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New Age Discrimination Lawsuit Against IBM Alleges AI Replacement

Two long-term employees allege IBM unlawfully fired them this year based on age. The two women state IBM CEO Arvind Krishna announced plans to replace thousands of employees with AI technology, particularly human resources. They claim these layoffs disproportionately impacted older employees.

The women assert company leaders used discriminatory and coded language when discussing why they decided to lay off certain employees. Patricia Onken, who was 66 at the time of her termination, worked for IBM for over 40 years in various positions, including human resources. Onken participated in several layoffs at IBM and alleges the company evaluated an employee's years left when assessing who they should cut, referring to it as "runway" length and citing the need for employees with "new skills" or "new energy." She received the layoff list that included her name and asserted the six people identified were "some of the Company's oldest and most senior HR partners." IBM laid off 50% of its HR employees, with 20 of the 30ish employees aged 50 or older. Onken alleges most of these employees are top performers. She states that IBM divided her job duties among four younger, less-experienced employees. Pamela Wimbish worked for IBM for 20 years in human resources and was 62 at her termination. Wimbism has similar allegations of working as a top performer and being replaced by a younger, more junior employee.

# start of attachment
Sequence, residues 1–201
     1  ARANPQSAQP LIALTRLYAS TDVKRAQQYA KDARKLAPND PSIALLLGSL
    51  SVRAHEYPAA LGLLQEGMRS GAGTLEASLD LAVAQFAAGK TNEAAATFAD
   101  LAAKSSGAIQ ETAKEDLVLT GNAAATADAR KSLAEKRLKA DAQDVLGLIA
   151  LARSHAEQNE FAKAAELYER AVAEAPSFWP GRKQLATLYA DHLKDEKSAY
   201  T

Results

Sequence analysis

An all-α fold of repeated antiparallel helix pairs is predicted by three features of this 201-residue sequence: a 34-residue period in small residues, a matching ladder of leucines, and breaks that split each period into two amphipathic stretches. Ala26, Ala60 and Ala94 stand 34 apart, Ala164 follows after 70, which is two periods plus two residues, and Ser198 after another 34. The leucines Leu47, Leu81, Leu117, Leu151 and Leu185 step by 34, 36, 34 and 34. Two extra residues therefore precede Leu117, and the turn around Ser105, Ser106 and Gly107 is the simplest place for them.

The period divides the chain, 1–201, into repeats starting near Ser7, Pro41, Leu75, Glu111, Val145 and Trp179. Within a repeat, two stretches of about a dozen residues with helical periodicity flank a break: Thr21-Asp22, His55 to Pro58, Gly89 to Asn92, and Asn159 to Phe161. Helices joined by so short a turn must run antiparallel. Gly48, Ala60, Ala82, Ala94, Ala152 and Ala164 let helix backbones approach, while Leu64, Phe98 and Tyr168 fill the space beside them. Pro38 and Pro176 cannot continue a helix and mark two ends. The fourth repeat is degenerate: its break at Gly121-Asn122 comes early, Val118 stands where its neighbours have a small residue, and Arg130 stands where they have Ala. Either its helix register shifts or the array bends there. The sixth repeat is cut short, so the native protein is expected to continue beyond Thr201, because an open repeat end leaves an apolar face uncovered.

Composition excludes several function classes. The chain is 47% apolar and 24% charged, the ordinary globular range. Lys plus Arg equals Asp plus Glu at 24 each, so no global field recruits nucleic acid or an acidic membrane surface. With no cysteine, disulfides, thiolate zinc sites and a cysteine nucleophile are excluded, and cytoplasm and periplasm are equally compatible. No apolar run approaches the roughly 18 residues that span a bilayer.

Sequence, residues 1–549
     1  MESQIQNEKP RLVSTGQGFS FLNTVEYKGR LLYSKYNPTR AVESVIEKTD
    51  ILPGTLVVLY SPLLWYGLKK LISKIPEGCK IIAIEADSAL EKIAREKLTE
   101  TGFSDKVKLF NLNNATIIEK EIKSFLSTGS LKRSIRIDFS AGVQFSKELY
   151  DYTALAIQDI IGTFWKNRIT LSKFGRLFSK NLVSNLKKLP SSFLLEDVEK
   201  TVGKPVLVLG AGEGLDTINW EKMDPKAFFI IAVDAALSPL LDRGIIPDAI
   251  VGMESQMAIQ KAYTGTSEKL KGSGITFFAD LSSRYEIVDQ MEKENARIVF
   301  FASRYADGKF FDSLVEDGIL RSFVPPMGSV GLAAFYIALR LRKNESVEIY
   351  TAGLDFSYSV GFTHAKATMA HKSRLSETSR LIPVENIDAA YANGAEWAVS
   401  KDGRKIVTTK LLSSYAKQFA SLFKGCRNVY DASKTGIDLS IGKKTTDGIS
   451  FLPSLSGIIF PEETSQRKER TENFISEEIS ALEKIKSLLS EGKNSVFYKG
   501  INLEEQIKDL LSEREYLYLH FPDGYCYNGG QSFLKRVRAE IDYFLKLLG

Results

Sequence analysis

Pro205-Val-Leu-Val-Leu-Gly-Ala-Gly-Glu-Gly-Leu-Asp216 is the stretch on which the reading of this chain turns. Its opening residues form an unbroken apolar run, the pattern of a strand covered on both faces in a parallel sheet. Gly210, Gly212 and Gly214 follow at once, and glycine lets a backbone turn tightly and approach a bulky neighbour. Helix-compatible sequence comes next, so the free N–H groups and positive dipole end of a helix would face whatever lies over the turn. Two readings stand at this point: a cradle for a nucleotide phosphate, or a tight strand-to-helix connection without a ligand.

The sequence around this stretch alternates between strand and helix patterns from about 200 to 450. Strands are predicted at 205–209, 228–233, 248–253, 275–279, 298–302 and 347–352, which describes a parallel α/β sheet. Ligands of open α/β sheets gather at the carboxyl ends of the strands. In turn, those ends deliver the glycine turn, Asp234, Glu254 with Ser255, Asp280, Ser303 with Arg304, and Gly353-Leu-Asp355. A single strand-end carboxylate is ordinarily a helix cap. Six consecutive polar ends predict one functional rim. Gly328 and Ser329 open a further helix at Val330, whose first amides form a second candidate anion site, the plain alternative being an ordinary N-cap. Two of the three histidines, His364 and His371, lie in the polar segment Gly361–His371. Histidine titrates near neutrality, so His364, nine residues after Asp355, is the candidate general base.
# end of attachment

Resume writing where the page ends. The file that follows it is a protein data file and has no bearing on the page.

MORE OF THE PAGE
Both women assert they worked hard and kept up with evolving technologies, yet the company perceived older workers as less capable of adapting to changes in technology. The lawsuit notes that IBM transferred human resources functions to call centers initially and then chatbots and artificial intelligence tools. These tools allowed the company to reduce the number of people needed to run the departments. IBM has faced multiple lawsuits for age discrimination in the last several years.